Oyster shells are considered rejuvenating and nourishing to the body. Ayurvedic preparations incorporating oyster shells may be used to enhance vitality, promote overall rejuvenation, and provide support during periods of weakness or debility.


It's important to note that Ayurvedic treatments and formulations are individualized based on a person's unique constitution and health condition. Therefore, consulting with a qualified Ayurvedic practitioner is recommended for proper diagnosis, treatment, and guidance regarding the use of oyster shells in Ayurvedic medicine.

Research and Modern Perspective

Scientific studies investigating the medicinal properties of oyster shells

Scientific research has been conducted to explore the medicinal properties of oyster shells. Studies have focused on their mineral composition, biological activities, and potential therapeutic applications. Some areas of research include:

Calcium supplementation:

Numerous studies have investigated the effectiveness of oyster shell-derived calcium carbonate as a dietary supplement for improving bone health and preventing osteoporosis. These studies have shown positive outcomes in increasing bone mineral density and reducing the risk of fractures.

Antacid and antiulcer effects:

Research has demonstrated the antacid and antiulcer activities of oyster shell-derived preparations. They have been found to possess alkaline properties that help neutralize excess stomach acid and protect the gastric mucosa.

Wound healing properties:

Oyster shell-based formulations have shown potential in promoting wound healing. Studies have indicated that these formulations can accelerate the healing process and enhance tissue regeneration.

Modern applications of oyster shells in medicine and healthcare

Apart from traditional medicine systems like Ayurveda, oyster shells have found modern applications in various medical and healthcare fields. Some examples include:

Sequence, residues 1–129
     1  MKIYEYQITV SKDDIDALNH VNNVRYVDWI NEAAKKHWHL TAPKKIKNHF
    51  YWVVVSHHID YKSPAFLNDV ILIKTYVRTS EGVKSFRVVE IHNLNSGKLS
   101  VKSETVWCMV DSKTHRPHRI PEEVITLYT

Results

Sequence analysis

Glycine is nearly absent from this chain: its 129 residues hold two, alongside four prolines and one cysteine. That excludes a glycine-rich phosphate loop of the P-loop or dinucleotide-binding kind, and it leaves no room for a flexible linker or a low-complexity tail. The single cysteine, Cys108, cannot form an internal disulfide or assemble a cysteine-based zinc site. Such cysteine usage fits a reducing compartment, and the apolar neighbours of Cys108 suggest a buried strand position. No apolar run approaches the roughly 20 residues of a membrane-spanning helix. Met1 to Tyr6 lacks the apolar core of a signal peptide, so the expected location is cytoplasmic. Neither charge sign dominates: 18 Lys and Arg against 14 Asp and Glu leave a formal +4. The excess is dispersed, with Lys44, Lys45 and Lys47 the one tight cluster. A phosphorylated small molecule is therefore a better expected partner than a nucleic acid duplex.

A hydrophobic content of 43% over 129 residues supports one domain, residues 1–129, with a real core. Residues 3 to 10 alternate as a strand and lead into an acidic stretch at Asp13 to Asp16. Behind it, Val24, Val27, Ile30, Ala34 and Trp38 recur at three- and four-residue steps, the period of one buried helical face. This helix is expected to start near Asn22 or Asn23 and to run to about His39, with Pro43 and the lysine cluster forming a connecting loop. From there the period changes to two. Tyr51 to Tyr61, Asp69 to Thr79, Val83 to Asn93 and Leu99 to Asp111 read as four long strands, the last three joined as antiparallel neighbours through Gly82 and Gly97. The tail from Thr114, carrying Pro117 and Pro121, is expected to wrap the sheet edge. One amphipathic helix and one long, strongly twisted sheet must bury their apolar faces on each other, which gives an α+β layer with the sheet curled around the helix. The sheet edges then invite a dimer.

Dental industry:

Oyster shell-derived calcium carbonate is used in dental care products, such as toothpaste and mouthwash, due to its remineralizing properties. It can help strengthen tooth enamel and prevent tooth decay.


Oyster shell-based preparations are used in the pharmaceutical industry as a source of calcium in the formulation of calcium supplements and antacid medications.


Oyster shell extracts or powders are used in the production of nutraceuticals, which are dietary supplements with potential health benefits. These products may promote bone health, aid in digestion, and support overall well-being.

Safety and Precautions

While oyster shells are generally considered safe when used appropriately, there are a few potential side effects or contraindications to be aware of:

Allergic reactions: Individuals with known allergies to shellfish should avoid oyster shell-based preparations, as they may trigger allergic reactions. Symptoms of shellfish allergies can range from mild itching and hives to severe allergic reactions, such as difficulty breathing and anaphylaxis.

High calcium levels: Excessive intake of oyster shell-derived calcium supplements or preparations can lead to high levels of calcium in the blood (hypercalcemia). This can cause symptoms such as nausea, vomiting, constipation, increased thirst, and kidney stones. Individuals with conditions like hyperparathyroidism, kidney disease, or certain cancers should use oyster shell-based products with caution and under medical supervision.

Interactions with medications: Oyster shell-based preparations may interact with certain medications. These interactions can affect the absorption, efficacy, or side effects of these medications. It is important to consult with a healthcare professional before combining oyster shell-based preparations with any prescription or over-the-counter medications.